6. The Silver Surfer track is really cool! But one criticism of all of your tracks is a lack of predominant themes. While it is true that often you have to write music that acts as wallpaper in certain parts of a game, most devs will still want/need a main theme to really drive the game's story. This could be reused in various spots of the game's story. This is what I feel is lacking from your portfolio overall. You have some really cool ideas and your production's pretty good! I'd just work on crafting some really iconic themes that can hook your listeners and players.
  7. Completely disagree with your assessment. Many of the wonderful games I've enjoyed have had stellar soundtracks. With very effective and realistic mock ups of orchestras. And to be honest... you're kinda coming off a bit rude by making such a statement. Not all games need a full orchestral score. I've played several games recently that went in the opposite direction and the music was refreshing, original and helped enhance the game. And even with the games that DO go for a full orchestral score - is the music going to be dynamic? How does the music support the game's sound design and VO/narration? Sometimes less is better when you consider an interactive medium like a video game. But back to your question - how fast should a VG composer be expected to compose? I've seen deadlines as short as 3-4 hours. If you want to charge per hour, that's fine. I know plenty of audio pros that do that. Others prefer charging by the asset. My advice is to try one method and if it works for you - great. Use that! But if it doesn't, then consider the other approach. There's not really a right or wrong way. I would pick a few styles that you feel best represent you and your passion(s) and then showcase those. In other words, if you want to be an orchestral composer who's known for themes and sweeping melodies, then go in that direction. I wouldn't try and do too many genres and styles because very few people can be awesome at all of them.
  8. Hey, Thanks for sharing your piece! I enjoyed the opening but felt some of the grace notes were played unrealistically. When I'm improvising, I often play the grace notes a bit softer. Also some of the chromaticism didn't work as well for me but that could be a personal taste. One other thing you might consider is contrary motion as often your outer voices moved in the same direction. Overall, though, I dug it! I loved the ending! Thanks, Nate
  9. I went back and revisited this theme - simplifying the piano part and making the arrangement, in general, have a bit more space. While I still like the fuller, original version, I feel like this new arrangement hits a deeper mood and vibe. I hope you like it and thanks again for all of the listens and feedback!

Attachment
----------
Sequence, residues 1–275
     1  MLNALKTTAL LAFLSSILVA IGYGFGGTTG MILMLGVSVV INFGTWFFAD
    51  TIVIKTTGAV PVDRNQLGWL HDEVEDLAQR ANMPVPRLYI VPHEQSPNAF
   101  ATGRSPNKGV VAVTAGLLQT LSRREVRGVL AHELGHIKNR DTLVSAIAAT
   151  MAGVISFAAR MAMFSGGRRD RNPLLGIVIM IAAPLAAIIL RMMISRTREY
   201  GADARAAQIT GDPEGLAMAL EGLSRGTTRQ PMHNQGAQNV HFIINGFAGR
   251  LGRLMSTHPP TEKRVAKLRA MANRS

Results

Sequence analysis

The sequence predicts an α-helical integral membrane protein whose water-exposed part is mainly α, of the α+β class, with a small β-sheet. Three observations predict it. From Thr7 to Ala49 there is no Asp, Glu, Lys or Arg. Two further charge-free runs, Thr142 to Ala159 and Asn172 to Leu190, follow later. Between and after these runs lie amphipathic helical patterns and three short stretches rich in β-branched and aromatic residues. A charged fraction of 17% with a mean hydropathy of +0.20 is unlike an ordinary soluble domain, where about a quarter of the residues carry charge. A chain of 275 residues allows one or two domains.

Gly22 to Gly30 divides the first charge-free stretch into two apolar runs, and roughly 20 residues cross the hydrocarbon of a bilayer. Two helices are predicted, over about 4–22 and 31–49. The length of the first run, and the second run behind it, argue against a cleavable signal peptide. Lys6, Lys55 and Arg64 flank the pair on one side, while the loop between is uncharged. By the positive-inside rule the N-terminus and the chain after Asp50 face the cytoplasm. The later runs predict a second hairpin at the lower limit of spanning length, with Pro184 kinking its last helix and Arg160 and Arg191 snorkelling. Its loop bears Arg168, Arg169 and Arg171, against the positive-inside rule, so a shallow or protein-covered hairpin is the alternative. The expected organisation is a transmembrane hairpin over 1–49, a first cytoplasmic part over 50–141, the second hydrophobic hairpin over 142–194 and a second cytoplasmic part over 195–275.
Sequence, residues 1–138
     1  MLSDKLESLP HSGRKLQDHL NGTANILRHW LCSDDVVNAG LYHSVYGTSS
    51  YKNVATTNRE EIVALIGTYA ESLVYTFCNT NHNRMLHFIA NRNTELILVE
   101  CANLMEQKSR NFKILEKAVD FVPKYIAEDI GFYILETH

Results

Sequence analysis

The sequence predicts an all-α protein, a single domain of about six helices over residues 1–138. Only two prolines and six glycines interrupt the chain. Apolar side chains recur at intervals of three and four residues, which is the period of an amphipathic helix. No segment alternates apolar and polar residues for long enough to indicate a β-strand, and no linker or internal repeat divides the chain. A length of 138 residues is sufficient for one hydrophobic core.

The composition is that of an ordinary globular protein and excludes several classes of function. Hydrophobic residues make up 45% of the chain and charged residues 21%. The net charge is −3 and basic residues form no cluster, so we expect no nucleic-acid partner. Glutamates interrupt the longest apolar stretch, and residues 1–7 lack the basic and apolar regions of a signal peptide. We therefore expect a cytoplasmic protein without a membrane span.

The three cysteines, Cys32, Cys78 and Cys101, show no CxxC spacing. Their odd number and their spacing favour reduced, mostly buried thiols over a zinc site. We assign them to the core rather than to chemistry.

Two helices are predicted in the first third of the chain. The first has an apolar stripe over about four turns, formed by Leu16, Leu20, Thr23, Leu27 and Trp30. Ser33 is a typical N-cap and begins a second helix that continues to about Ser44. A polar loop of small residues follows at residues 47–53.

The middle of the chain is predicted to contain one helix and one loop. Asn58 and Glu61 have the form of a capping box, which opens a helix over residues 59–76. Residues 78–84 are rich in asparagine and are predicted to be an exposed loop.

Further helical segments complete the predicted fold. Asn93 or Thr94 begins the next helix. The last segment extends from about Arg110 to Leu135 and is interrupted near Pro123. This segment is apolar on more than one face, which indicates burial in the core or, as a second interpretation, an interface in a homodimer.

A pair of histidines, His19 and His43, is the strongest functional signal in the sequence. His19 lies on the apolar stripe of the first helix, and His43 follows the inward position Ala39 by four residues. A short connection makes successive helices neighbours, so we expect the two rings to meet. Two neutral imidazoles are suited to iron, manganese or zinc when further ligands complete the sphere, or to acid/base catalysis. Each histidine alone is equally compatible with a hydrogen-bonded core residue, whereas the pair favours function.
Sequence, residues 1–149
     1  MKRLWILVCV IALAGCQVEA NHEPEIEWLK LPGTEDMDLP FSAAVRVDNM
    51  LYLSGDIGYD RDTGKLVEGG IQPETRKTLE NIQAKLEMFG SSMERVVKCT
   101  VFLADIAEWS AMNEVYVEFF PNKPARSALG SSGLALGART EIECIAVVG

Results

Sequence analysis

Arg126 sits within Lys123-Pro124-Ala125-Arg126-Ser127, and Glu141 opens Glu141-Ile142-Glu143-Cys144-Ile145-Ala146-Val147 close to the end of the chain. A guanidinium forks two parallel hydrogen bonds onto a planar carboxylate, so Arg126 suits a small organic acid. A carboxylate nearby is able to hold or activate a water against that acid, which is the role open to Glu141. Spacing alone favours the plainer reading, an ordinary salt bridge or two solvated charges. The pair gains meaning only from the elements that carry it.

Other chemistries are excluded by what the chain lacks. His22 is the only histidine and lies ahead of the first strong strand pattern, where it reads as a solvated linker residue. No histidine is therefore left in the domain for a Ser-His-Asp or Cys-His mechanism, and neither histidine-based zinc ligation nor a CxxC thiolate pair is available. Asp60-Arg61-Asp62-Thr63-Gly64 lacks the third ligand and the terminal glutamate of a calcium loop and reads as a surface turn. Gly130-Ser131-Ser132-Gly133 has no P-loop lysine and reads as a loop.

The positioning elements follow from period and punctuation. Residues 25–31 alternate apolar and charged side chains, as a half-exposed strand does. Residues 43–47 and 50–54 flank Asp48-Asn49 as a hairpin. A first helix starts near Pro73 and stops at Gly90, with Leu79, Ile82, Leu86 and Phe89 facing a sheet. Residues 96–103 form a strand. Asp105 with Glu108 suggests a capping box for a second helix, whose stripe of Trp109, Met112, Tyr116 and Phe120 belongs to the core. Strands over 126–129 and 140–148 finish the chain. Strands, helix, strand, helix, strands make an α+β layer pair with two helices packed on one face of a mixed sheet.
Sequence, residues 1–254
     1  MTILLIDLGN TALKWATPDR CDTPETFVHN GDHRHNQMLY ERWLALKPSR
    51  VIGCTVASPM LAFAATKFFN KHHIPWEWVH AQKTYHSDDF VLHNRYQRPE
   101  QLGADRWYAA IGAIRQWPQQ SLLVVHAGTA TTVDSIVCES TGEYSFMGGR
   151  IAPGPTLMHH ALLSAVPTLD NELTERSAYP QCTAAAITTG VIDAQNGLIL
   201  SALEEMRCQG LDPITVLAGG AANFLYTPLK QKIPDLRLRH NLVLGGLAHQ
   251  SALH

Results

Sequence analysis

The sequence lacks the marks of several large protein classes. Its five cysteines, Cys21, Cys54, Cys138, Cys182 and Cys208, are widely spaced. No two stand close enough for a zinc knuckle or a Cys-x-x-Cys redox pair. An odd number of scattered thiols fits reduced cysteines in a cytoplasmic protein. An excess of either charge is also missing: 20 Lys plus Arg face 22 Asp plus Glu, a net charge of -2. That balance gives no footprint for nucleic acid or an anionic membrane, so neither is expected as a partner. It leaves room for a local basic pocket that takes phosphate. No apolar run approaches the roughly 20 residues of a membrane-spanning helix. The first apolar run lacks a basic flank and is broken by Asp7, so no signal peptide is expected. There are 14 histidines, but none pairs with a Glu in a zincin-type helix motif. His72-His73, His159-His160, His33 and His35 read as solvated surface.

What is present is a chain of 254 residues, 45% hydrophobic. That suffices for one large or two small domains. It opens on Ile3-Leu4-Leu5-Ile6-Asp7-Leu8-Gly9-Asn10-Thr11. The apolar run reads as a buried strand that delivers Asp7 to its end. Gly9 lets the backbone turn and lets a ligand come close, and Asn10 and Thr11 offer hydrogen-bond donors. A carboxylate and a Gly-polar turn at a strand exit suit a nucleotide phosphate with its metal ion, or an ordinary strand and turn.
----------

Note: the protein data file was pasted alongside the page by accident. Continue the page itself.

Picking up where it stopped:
10. Thank you!
  11. Thanks for the feedback. I actually did play the piano part in live via MIDI with a sustain pedal. And the part isn't quantized nor are all of the velocities static. Also I did split up the lower piano part versus the mid to higher parts. What I feel is lacking is there are better libraries with a richer sustain than the piano library I used. But, all in all, it does a good job of showing what I was after.
  12. Thanks for sharing your stuff! I've got quite a few ideas for how you can make this (and future pieces) more effective. Many of the samples used are of lower quality. Also the production of the music itself could use quite a bit more attention. Things I would look at: more automation to help phrases come off more musical. more reverb/FX to help with the lower fidelity samples. your higher pitched string samples are poking out of your mix pretty bad, leaving a lopsided balance. your percussion groove is a bit lackluster. Look for ways to liven that up some. some of your mix is distorting and is quite muddy due to both the harmonies you're using as well as the octaves and panning placements. I like how you go from a full texture to a very thin one (with just the harp at 1:45 for example) but consider adding in another element to help keep some momentum happening. Otherwise it can start to feel sort directionless and random, in my opinion. I hope that helps! Thanks, Nate
  13. Here's a new piece I wrote just for fun. I recorded live cello for this one and am very happy with the cello sound. But, speaking honestly, I'm less happy with the piano sound. Thankfully, it's recorded via MIDI so I can swap that out for a better sounding library. Or maybe I just need to tweak the track settings. Either way, I'd appreciate both listens and feedback! Thanks Nate
  14. Thanks guys!
  15. It's a pretty poorly written article with very little actual substance. I feel the author could go deeper into his process, perhaps show earlier iterations of the themes, discuss more how he worked with the client during production and revisions. He could also go more into what he'd do differently now, having completed the job.